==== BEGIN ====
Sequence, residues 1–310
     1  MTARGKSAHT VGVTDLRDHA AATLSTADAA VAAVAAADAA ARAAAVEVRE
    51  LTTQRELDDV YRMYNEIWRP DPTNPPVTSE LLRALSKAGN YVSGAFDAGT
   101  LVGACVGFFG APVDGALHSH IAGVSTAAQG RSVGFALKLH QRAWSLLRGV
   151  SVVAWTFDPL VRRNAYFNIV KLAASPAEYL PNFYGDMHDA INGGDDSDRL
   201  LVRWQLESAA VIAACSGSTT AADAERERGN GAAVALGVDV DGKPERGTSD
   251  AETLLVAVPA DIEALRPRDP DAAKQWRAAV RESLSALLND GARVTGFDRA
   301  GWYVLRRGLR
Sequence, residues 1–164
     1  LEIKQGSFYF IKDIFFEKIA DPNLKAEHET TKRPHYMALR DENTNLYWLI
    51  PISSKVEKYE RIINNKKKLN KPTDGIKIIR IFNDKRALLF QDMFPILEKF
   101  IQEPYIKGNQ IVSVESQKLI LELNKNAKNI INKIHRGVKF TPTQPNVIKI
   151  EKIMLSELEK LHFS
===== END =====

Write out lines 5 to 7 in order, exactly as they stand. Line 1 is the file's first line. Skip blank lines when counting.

   151  SVVAWTFDPL VRRNAYFNIV KLAASPAEYL PNFYGDMHDA INGGDDSDRL
   201  LVRWQLESAA VIAACSGSTT AADAERERGN GAAVALGVDV DGKPERGTSD
   251  AETLLVAVPA DIEALRPRDP DAAKQWRAAV RESLSALLND GARVTGFDRA